Fetal liver cells were obtained from 15 fetal livers at a mean yield of 1.8X109 cells. A marker expression analysis was performed immediately after cell isolation and before culturing. Flow cytometry analysis revealed a heterogeneous cell population characterized by expression of markers specific to hepatocytes, epithelial cells, hepatic progenitor cells, bipotential precursors of the hepatic and biliary lineages, hematopoietic progenitor cells and mesenchymal cells.
Fetal livers were obtained from tissue donations after selective, therapeutic abortions at a gestational age of 18 to 22 weeks.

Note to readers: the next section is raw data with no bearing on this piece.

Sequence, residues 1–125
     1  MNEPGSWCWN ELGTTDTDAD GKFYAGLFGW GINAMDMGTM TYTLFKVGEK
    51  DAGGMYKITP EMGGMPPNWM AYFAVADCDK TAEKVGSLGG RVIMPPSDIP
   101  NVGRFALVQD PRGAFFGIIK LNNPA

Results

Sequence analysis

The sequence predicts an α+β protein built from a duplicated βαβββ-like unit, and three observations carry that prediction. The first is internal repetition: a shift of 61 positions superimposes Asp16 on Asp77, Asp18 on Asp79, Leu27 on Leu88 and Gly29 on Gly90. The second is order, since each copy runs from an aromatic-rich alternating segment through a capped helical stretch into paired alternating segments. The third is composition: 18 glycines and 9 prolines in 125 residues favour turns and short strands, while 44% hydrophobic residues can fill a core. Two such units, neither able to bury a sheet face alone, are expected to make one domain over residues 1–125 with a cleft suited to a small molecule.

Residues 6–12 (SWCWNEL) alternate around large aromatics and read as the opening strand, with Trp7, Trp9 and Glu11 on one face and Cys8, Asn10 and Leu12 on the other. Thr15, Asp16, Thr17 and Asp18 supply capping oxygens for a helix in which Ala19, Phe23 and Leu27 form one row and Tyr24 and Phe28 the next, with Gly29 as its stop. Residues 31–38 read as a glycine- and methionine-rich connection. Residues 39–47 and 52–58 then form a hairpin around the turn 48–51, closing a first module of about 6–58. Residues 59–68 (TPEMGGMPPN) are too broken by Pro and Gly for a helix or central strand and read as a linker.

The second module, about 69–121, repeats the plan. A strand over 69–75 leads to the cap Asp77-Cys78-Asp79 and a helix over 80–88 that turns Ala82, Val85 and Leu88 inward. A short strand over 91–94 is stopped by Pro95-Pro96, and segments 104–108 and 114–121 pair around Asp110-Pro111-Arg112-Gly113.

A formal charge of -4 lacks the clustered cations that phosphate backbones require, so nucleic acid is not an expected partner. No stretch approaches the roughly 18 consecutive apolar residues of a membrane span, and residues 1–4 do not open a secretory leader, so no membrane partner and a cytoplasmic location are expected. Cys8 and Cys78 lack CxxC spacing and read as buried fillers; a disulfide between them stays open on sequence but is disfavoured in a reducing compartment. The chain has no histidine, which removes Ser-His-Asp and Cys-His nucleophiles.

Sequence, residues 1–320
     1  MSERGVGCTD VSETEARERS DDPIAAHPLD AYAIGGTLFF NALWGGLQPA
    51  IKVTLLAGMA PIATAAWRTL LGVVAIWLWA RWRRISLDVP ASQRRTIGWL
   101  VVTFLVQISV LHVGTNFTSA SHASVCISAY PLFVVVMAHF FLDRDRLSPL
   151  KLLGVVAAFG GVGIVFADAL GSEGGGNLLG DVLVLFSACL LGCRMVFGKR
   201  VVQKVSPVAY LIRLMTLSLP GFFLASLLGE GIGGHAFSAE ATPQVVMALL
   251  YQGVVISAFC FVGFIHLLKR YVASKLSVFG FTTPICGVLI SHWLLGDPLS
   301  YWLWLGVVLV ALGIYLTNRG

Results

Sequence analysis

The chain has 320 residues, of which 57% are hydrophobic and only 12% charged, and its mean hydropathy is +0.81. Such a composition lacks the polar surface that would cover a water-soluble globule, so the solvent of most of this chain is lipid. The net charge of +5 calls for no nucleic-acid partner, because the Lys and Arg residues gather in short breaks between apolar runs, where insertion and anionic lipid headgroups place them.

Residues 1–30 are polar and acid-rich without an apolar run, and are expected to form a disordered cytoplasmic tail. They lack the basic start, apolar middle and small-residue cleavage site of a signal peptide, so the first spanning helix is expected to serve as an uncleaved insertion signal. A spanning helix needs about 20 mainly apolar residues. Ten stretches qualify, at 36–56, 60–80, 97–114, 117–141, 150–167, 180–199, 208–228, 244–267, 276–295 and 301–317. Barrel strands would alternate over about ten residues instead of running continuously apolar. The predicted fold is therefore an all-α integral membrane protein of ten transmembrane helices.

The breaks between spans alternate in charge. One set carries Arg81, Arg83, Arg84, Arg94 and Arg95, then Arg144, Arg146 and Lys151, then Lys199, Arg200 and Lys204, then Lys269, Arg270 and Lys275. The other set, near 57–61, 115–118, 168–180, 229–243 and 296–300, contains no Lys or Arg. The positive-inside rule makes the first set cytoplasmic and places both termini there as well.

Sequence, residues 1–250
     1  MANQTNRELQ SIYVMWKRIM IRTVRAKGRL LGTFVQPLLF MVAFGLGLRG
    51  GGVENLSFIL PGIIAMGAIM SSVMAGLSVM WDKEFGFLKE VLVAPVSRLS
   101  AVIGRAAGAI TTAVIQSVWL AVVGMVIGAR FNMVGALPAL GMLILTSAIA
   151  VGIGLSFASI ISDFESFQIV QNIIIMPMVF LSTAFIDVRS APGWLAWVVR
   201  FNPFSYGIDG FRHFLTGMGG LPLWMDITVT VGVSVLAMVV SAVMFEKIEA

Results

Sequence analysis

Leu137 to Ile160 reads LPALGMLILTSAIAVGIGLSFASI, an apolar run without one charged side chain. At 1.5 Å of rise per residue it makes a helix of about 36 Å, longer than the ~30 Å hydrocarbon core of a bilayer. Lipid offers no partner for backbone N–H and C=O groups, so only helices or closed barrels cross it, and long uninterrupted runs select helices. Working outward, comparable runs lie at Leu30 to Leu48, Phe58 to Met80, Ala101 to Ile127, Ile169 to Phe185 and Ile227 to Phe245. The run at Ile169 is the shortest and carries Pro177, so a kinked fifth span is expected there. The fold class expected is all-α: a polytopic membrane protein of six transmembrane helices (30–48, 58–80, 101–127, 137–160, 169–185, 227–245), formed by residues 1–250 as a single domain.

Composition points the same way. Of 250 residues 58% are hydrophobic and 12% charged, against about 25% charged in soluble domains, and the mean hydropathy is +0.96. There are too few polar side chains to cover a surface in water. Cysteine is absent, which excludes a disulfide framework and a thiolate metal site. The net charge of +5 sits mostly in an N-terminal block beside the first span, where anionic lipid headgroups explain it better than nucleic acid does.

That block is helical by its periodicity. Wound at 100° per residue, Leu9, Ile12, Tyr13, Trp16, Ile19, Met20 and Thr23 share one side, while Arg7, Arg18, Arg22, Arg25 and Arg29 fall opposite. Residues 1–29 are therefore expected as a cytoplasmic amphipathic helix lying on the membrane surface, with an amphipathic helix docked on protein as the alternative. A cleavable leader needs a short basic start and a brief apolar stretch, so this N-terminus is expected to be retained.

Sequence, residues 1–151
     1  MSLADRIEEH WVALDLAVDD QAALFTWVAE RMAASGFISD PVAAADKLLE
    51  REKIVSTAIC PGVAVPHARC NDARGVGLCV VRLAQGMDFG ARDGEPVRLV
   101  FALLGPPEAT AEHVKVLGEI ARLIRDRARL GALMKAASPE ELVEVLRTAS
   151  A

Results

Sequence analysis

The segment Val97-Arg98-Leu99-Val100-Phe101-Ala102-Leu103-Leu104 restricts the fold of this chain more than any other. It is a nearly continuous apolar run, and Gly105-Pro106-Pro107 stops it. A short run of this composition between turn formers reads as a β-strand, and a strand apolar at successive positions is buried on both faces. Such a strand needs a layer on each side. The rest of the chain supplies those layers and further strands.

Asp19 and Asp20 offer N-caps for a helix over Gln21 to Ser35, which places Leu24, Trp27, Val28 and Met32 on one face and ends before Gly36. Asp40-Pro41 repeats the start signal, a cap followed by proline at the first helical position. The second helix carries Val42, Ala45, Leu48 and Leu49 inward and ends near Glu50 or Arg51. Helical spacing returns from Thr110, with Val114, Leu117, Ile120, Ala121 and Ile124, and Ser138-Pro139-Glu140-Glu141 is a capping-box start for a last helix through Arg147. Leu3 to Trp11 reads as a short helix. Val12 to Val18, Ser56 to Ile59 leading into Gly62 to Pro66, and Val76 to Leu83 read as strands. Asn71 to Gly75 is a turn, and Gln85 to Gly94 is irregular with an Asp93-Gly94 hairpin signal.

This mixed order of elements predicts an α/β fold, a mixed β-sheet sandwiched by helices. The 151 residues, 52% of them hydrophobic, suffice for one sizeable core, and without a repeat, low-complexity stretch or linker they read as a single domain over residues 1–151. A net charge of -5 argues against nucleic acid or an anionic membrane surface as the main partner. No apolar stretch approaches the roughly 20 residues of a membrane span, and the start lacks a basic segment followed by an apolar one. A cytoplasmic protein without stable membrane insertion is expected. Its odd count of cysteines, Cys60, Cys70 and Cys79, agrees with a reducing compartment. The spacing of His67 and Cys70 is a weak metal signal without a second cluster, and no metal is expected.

Each fetal liver was perfused in situ for 10 minutes with 150-200 mL solution A [DPBS without calcium and magnesium containing ethylenediamine tetraacetic acid (EGTA, 2 mmol/L) and gentamicin (50 µg/mL)] to flush out the remaining blood and to loosen the desmosomal cell-cell junctions by chelation. Perfusion was continued for 10 minutes with solution B, which had a composition similar to that of solution A but without EGTA. Following perfusion with solution C [DPBS with calcium and magnesium] for 2 to 5 minutes, perfusion with solution D [DPBS with calcium, magnesium and collagenase] was performed for 7-10 minutes until macroscopic tissue disintegration was observed. The liver was excised and transferred into a 100-mm Petri dish. The capsule was ruptured with forceps and the mechanical disruption of the liver was completed by scraping tissue away from the biliary tree with a sterile, disposable cell scraper. The capsule material and the undigested tissue were removed by filtration of the cell suspension through a sterile 500-µm nylon mesh. The remaining undigested tissue on the filter was rinsed with 10-20 mL cold solution D. The cell pellet was washed 2 to 3 times and the cells were resuspended in a medium based on Williams’ E medium [DPBS with calcium, magnesium, glucose (15 mM), pyruvate (1 g/L), amphotericin B and penicillin/streptomycin] and were maintained at 150C in a 5% CO2 and 95% relative humidity environment until transplantation.